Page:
It’s important to note that religious services or other activities rooted in spiritual fulfilment are not encompassed within the definition of “industry.” The motive for profit is irrelevant in this context. The triple test directs attention to the functional aspects, specifically focusing on the relationship between employer and employee. 

Philanthropic activities do not disqualify an establishment from being classified as an “industry.” Consequently, if an undertaking satisfies all the aforementioned criteria, it can be labelled as an “industry” under section 2(j) of the Industrial Disputes Act, 1947.

Key points to consider:

  • The absence of a profit motive in Bangalore Water Supply & Sewerage Board vs A. Rajappa does not negate the nature of an undertaking, regardless of whether it is in the public, joint, private, or another sector.
  • The emphasis is on functionality and the crucial criterion is the nature of the activity, particularly the relationship between employer and employee.
  • The philanthropic nature of an endeavour does not alter its classification as a trade or business.
  • Organised activities possessing the triple elements described earlier may qualify as “industry” even if they are not strictly trade or business. The presence of employer-employee dynamics resembling those in trade or business is pivotal, even if other features differ.

These guidelines, as laid in Bangalore Water Supply Case, should not be restricted by invoking creeds, cults, or inner senses of incongruity or outer motivations in economic operations. The statute’s essence revolves around resolving industrial disputes between employers and workers and the definition’s reach must align with this intent.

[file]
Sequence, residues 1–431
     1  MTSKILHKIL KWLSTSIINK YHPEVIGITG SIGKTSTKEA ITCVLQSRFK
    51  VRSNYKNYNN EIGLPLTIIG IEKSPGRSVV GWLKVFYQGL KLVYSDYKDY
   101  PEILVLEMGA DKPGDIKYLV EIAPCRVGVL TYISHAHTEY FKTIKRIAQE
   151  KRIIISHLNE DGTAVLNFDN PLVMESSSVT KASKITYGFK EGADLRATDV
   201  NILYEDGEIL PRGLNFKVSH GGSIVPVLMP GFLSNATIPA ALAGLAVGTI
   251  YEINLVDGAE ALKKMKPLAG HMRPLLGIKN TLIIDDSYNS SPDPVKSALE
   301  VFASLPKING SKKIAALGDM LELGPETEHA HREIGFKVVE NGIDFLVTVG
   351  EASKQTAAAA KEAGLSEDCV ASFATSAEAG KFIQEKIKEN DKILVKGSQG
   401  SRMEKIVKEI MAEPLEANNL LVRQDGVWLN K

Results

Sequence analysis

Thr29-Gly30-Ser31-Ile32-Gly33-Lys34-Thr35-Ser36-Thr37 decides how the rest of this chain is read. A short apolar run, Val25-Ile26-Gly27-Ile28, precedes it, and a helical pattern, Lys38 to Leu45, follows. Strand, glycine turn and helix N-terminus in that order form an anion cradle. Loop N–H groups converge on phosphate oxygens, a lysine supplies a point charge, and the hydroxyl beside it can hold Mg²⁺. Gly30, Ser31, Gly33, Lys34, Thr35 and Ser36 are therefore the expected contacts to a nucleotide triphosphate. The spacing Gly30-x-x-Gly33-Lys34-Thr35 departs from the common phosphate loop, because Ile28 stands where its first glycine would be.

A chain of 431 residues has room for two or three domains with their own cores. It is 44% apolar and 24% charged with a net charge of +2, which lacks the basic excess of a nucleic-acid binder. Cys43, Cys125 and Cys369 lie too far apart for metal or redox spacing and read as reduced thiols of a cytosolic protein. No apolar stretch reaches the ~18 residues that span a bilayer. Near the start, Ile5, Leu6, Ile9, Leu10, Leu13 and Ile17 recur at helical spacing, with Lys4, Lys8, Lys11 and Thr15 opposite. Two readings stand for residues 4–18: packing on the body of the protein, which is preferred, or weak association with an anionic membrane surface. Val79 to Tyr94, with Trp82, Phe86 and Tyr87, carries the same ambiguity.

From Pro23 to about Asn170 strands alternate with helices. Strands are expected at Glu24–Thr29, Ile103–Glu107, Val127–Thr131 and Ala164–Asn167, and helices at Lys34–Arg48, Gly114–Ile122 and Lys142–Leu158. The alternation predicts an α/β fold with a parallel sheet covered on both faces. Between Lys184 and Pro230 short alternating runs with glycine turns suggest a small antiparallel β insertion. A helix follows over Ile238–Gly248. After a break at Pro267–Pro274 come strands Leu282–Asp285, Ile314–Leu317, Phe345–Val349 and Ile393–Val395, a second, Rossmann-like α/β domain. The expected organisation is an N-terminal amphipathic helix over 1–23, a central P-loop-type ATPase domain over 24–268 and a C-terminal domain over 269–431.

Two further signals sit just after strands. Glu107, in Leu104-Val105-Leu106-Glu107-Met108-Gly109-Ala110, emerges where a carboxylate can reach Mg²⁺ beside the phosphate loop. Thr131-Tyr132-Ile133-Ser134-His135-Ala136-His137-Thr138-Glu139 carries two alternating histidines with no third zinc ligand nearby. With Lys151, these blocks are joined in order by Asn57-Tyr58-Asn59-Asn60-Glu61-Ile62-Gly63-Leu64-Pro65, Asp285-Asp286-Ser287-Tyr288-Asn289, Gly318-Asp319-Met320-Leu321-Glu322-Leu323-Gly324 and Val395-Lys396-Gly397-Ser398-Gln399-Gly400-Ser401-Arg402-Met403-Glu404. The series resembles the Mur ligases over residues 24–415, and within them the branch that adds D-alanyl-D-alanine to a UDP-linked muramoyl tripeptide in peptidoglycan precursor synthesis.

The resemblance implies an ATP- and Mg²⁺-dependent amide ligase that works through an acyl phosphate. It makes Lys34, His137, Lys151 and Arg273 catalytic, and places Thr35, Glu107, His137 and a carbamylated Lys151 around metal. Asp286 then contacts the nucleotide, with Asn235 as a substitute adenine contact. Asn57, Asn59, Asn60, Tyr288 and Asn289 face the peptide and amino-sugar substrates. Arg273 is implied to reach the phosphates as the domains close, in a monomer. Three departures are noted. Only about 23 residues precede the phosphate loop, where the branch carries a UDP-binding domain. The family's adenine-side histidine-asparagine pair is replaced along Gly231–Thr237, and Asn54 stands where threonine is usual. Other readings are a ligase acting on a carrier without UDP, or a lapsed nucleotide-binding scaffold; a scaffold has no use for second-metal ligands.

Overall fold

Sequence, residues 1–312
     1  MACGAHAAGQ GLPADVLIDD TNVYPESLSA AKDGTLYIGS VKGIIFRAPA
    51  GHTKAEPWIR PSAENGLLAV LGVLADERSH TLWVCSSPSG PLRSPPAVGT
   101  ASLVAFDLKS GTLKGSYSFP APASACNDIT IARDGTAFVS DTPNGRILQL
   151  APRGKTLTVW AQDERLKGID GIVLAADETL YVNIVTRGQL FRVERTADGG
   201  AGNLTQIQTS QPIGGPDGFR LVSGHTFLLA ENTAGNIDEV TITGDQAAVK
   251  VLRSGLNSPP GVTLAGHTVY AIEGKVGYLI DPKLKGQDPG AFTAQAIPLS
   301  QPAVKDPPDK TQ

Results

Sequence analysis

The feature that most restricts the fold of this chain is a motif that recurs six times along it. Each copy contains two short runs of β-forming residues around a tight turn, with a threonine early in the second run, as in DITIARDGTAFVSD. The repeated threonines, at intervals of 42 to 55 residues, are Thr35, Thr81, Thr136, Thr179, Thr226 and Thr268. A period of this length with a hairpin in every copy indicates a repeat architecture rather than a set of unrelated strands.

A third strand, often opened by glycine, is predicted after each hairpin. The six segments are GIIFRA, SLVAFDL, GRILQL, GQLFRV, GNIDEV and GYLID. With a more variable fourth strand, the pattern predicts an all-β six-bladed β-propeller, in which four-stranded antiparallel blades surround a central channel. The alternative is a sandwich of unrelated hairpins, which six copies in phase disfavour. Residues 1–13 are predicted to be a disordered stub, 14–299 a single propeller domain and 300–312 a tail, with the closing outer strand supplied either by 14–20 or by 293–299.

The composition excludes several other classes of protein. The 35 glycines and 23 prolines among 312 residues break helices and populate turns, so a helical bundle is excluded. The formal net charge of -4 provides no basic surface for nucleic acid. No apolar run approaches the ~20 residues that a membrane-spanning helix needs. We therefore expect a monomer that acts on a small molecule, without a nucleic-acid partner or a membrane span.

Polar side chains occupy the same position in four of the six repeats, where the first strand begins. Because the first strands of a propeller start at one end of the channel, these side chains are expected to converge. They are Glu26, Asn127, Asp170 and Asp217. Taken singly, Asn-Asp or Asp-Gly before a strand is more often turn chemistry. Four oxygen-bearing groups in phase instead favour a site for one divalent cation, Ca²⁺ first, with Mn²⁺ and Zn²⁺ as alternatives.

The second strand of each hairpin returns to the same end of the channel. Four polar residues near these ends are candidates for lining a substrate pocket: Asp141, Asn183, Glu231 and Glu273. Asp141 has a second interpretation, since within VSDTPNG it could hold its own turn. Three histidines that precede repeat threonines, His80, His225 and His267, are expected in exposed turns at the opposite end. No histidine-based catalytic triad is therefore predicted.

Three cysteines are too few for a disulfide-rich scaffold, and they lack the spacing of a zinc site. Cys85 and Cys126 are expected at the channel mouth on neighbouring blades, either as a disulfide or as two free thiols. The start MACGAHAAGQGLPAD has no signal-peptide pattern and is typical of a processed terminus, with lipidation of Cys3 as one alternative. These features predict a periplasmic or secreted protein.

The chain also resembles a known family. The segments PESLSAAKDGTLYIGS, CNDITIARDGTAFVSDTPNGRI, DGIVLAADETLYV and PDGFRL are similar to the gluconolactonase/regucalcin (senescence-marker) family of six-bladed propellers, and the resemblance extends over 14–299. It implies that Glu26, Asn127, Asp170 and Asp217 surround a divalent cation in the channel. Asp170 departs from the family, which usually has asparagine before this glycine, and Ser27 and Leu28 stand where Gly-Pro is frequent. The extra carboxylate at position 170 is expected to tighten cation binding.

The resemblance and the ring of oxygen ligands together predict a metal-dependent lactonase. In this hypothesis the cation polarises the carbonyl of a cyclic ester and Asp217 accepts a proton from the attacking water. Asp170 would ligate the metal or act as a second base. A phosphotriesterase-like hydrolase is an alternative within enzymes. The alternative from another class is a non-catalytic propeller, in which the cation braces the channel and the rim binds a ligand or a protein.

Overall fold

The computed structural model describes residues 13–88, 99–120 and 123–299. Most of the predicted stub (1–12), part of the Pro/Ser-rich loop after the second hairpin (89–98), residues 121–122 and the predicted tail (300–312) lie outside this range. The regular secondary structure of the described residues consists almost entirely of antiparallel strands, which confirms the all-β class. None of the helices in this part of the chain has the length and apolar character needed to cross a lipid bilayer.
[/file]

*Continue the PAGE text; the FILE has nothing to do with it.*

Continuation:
The Supreme Court in Bangalore Water Supply Case determined that professions, clubs, educational institutions, cooperatives, research institutes, charitable projects and similar ventures if they meet the triple test criteria, fall within the scope of Section 2(j). In essence, organised activities fulfilling the triple elements, even if they do not strictly align with trade or business, can be considered “industry” if the employer-employee relationship resembles that of trade or business.

Dominant Nature Test

In the Bangalore Water Supply case, the Supreme Court provided guidelines for determining the dominant nature of an undertaking:

In cases where a combination of activities involves both exempt and non-exempt elements and engages employees across the entire undertaking, the nature of the predominant department determines whether the whole undertaking qualifies as an “industry.” The status of employees who do not meet the “workmen” definition may not be affected.

Sovereign functions, strictly interpreted, qualify for the exemption. Welfare activities or economic endeavours undertaken by government or statutory bodies do not qualify for the exemption.

Even within departments engaged in sovereign functions, if there are units that operate as industries and are largely separable, they may fall within the scope of Section 2(j).

Bangalore Water Supply Summary

The Bangalore Water Supply case involved a seven-judge Supreme Court panel that defined “industry.” It introduced the “triple test,” focusing on systematic activity, employer-employee cooperation and goods/services production for human needs. Philanthropic activities or lack of profit motive were irrelevant. 

The ruling encompassed organised activities meeting these criteria as “industry,” irrespective of trade/business and extended to professions, clubs, educational institutions, etc. The “dominant nature test” determined an undertaking’s nature based on the most significant department. Sovereign functions were exempted and separable industry units within sovereign departments fell within Section 2(j) of the Industrial Disputes Act.